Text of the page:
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Differential profiling studies of N-linked glycoproteins in glioblastoma cancer stem cells upon treatment with γ-secretase inhibitor

Program of Bioinformatics, University of Michigan Medical Center, Ann Arbor, MI 48109-0650, USA.
Proteomics (Impact Factor: 3.97). 10/2011; 11(20):4021-8. DOI: 10.1002/pmic.201100014
Source: PubMed

ABSTRACT We have recently demonstrated that Notch pathway blockade by γ-secretase inhibitor (GSI) depletes cancer stem cells (CSCs) in Glioblastoma Multiforme (GBM) through reduced proliferation and induced apoptosis. However, the detailed mechanism by which the manipulation of Notch signal induces alterations on post-translational modifications such as glycosylation has not been investigated. Herein, we present a differential profiling work to detect the change of glycosylation pattern upon drug treatment in GBM CSCs. Rapid screening of differential cell surface glycan structures has been performed by lectin microarray on live cells followed by the detection of N-linked glycoproteins from cell lysates using multi-lectin chromatography and label-free quantitative mass spectrometry analysis. A total of 51 and 52 glycoproteins were identified in the CSC- and GSI-treated groups, respectively, filtered by a combination of decoy database searching and Trans-Proteomic Pipeline (TPP) processing. Although no significant changes were detected from the lectin microarray experiment, 7 differentially expressed glycoproteins with high confidence were captured after the multi-lectin column including key enzymes involved in glycan processing. Functional annotations of the altered glycoproteins suggest a phenotype transformation of CSCs toward a less tumorigenic form upon GSI treatment.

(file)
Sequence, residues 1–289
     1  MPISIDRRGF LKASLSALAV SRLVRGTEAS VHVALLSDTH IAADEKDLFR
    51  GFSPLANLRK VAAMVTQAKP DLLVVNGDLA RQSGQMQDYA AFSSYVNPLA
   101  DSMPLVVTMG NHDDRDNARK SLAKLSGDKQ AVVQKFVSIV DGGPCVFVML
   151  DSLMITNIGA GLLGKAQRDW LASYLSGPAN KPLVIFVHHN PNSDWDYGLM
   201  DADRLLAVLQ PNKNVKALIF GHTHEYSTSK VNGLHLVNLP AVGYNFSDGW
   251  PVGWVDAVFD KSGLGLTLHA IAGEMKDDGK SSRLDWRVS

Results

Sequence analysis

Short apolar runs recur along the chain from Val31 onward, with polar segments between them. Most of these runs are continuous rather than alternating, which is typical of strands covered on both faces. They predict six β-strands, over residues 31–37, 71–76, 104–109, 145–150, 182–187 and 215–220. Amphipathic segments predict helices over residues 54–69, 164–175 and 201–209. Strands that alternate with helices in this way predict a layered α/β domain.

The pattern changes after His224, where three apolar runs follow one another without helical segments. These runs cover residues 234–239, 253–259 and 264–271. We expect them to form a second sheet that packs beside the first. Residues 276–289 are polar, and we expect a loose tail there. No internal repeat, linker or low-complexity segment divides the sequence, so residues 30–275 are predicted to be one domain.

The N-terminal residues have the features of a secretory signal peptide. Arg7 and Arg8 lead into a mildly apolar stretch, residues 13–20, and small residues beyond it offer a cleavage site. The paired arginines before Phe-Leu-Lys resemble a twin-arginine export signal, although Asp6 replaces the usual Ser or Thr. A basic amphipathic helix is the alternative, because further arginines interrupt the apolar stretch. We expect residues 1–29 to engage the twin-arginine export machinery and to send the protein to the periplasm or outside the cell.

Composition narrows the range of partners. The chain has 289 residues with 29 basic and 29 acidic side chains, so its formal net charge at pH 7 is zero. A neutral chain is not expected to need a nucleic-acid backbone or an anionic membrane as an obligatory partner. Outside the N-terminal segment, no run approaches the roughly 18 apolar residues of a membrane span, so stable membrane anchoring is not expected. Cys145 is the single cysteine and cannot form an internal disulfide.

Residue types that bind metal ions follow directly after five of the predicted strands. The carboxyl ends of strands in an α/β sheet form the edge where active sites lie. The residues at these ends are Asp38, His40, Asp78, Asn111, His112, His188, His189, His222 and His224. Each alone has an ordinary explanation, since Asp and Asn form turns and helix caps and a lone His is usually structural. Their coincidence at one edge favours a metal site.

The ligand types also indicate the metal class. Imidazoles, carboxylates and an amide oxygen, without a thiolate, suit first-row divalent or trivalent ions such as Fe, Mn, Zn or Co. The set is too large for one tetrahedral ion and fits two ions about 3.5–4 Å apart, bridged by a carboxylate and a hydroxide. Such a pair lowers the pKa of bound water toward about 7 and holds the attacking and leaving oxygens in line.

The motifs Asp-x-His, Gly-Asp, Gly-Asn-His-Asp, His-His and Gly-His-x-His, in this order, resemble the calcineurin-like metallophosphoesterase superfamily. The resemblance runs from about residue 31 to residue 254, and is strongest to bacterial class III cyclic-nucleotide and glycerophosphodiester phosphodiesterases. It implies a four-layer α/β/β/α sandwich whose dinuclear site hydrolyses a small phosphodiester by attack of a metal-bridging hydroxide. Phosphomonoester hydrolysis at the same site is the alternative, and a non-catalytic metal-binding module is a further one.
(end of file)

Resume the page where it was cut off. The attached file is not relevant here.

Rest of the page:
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    • "d for identification of serum biomarkers for lung adenocarcinoma ( Heo et al . , 2007 ) , breast cancer ( Zeng et al . , 2010b ) , and ovarian cancer ( Abbott et al . , 2010 ) . Differential label - free profiling studies of N - linked glycoproteins in cancer stem cells were tried to detect the change of glycosylation pattern upon drug treatment ( Dai et al . , 2011 ; He et al . , 2011 ) ."
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